Splash oh Splash

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Important for KPS to revaluate the water asset, so KPS share will fly to the SKY???

Splash replies to allegations made by former Selangor MB Khalid

Monday, 5 January 2015
SPLASH refers to several allegations made by Khalid which warrant some clarifications.
Allegation No.1: Various offers (for 100% stake) made on Feb 20, 2013; Nov 21, 2013; Feb 26, 2014; and Sept 12, 2014 on behalf of the Selangor administration were unchanged to all four concession water companies.
It is not true that the various offers made by the previous state administration were unchanged.
Splash has actually accepted in principle the offer made on Feb 20, 2013 and had also accepted an earlier offer from the state dated July 15, 2009.
In both of these offers, the Selangor administration had offered 1x book value in principle.
However, the offers which we had accepted were later much reduced by 90% due to the omission of surplus assets value (ref: Item 2.1 (vi) of Kumpulan Darul Ehsan Bhd’s letter of offer dated Feb 20, 2013) starting from November 2013.
Essentially the latter offers were thus so drastically changed and so vastly different that they were deemed unacceptable.
Allegation No. 2: The RM2.8bil is appalling valuation, and any amount beyond RM1.83bil granted to Splash would be tantamount to gross injustice.
Discounted Cash Flow (DCF) is the universally accepted method of valuation for concession assets.
DCF valuation was used by Puncak Niaga Holdings Bhd’s (Puncak) independent valuer Moore Stephens as stated in an independent advice circular issued to the shareholders of Puncak by KAF Investment Bank dated Dec 19, 2014.
Moore Stephens had also valued Splash at RM3.9bil using the DCF method.
The state’s offer to Splash as stated is RM1.83bil.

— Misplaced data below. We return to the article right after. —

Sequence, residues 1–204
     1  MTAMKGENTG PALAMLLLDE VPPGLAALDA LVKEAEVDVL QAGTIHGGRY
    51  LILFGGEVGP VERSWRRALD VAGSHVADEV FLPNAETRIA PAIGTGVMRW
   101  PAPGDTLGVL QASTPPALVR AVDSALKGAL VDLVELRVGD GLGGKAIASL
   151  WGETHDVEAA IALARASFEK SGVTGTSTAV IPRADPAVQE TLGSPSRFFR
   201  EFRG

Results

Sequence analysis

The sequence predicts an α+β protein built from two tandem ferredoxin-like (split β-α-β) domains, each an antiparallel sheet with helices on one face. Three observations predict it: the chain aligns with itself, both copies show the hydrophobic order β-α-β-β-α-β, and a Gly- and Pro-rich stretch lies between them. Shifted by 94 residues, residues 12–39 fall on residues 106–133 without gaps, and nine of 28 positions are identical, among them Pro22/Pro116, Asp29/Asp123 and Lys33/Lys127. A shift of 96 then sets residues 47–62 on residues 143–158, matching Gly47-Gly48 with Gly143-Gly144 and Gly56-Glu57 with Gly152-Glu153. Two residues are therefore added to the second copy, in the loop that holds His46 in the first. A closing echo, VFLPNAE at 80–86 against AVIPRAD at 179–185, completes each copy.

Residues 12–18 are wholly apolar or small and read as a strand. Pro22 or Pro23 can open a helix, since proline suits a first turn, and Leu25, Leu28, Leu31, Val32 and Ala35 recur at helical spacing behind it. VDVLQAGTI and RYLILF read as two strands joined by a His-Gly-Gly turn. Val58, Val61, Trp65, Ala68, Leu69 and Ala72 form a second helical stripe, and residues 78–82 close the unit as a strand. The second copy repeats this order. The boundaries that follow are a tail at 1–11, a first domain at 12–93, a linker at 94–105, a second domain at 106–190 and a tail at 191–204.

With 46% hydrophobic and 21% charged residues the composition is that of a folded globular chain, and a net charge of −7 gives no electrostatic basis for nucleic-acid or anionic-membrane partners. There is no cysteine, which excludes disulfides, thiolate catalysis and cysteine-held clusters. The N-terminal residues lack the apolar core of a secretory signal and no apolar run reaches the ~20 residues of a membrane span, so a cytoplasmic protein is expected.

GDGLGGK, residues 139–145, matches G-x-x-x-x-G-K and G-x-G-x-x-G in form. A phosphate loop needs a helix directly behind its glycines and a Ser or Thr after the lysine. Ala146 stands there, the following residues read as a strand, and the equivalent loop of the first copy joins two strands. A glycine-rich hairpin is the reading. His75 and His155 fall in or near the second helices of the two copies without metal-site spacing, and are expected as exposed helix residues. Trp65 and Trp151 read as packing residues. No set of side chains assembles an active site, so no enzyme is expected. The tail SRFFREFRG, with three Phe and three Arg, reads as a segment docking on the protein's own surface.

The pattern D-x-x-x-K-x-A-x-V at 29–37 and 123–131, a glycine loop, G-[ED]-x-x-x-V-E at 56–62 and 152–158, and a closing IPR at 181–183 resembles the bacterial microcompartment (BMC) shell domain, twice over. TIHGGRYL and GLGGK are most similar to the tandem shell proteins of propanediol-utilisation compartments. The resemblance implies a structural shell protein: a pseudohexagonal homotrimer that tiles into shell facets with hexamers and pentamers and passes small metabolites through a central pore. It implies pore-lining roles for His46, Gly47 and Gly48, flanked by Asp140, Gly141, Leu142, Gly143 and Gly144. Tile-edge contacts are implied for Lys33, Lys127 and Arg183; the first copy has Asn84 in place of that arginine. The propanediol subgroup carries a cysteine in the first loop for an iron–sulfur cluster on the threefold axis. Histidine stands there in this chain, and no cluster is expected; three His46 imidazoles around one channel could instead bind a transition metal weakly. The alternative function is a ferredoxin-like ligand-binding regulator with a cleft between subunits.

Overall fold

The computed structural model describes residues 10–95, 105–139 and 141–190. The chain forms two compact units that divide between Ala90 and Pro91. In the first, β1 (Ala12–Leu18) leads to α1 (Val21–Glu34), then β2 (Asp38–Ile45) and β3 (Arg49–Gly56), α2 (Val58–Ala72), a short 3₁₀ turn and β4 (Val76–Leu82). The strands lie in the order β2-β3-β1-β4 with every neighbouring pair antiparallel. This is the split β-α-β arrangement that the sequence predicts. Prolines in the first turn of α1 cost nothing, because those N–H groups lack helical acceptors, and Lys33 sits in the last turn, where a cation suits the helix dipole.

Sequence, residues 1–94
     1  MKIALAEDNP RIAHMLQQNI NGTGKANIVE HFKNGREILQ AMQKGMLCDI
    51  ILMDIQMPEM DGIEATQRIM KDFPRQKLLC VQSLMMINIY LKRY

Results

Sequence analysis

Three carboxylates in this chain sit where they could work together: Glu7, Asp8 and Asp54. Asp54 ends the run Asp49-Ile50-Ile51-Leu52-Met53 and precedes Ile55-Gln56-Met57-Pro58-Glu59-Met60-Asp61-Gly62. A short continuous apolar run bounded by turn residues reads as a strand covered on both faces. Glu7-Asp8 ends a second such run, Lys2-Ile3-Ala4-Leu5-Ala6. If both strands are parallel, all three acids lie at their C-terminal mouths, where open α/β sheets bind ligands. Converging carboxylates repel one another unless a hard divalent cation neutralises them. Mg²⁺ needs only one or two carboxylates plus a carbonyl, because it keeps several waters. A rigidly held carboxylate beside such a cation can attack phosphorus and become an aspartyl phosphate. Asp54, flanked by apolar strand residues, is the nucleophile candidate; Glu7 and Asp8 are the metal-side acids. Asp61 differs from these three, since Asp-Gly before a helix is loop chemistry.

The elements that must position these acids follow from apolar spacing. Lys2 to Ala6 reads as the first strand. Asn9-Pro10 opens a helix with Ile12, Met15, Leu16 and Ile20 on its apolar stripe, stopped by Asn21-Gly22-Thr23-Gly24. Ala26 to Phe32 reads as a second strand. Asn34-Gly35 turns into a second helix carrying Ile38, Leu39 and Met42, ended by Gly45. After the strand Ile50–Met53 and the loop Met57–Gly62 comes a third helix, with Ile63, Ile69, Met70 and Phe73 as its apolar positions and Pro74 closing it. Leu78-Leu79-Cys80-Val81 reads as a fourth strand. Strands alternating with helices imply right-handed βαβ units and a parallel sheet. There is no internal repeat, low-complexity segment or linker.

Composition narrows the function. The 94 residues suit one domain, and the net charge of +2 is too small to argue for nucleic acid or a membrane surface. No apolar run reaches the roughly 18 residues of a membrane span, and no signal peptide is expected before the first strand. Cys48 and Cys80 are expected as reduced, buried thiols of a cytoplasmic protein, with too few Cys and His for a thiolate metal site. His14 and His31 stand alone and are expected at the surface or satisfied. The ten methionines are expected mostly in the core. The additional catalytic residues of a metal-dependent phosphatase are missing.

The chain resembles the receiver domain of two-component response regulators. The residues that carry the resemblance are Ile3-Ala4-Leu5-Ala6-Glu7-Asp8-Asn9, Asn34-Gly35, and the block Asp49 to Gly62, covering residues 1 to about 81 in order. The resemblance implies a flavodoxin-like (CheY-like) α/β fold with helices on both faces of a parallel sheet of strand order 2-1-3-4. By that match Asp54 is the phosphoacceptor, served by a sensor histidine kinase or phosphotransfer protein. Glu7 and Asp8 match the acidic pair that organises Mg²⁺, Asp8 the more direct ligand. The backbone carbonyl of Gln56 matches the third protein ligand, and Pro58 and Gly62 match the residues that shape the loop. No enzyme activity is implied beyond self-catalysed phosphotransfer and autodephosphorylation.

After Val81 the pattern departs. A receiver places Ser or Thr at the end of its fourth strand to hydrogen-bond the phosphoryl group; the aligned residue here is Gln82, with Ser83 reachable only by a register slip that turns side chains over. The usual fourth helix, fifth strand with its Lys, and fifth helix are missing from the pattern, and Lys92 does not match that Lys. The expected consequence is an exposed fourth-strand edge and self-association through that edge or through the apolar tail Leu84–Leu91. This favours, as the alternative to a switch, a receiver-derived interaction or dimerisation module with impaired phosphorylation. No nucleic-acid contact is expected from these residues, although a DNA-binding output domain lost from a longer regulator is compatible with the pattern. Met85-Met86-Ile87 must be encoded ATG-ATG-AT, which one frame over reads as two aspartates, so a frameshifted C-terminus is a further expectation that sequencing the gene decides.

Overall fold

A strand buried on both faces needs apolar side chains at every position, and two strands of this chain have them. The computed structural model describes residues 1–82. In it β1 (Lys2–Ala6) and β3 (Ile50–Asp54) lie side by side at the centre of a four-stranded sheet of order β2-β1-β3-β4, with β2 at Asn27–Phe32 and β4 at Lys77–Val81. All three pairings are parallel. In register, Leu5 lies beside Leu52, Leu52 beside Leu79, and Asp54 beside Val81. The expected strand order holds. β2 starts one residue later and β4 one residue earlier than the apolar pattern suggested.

However netting off Splash loans of RM1.56bil, the offer is worth only RM250.6mil, whereas the book value of Splash after netting off loans is RM2.8bil.
The book value of Splash would give a lower figure than its DCF value as it would mean foregoing all future earnings.
Book value valuation offers the following:
a) No gain to the exiting shareholders
b) No divestment loss
c) Exiting shareholders to forego all future profits from the remaining years of the concession contract – for Splash, they shall forego approximately RM1.1bil of future profits from the remaining 16 years of concession based on DCF valuation (RM3.9bil)
As a matter of fact, six other state water industry consolidations have already been successfully concluded at 1x book value.
The states involved are Malacca, Negri Sembilan, Johor, Perlis, Penang and Perak. The water companies in these states were acquired at 1x of their book value and therefore at a no gain/no loss to the exiting shareholders.
The takeovers were also voluntarily agreed by shareholders, without invocation of Section 114 of WSIA (the Water Services Industry Act).
In the past, takeovers have been normally completed at a multiple of the book value.
For example, the Federal Government (through EPF and Khazanah) had privatised PLUS in October 2010.
The offer made to shareholders was RM4.60 per share, which was a premium of 42% to the market price then of RM3.25. The book value was only RM1.18 per share. Therefore, offer made is simply much higher than 1x book value, and was actually at 3.9x.
Even at 1x book value, the shareholders of Splash will give up ALL the future profits from the remaining 16 years of concession despite taking on 100% of all the construction, financial and market risk at the onset of the concession 14 years ago, which was just after the 1998 financial crisis.
Allegation No.3: The previous state administration’s offer formula is fair (the 12% return on equity minus historical dividend payouts) and any value below RM2.8bil will NOT result in a divestment loss.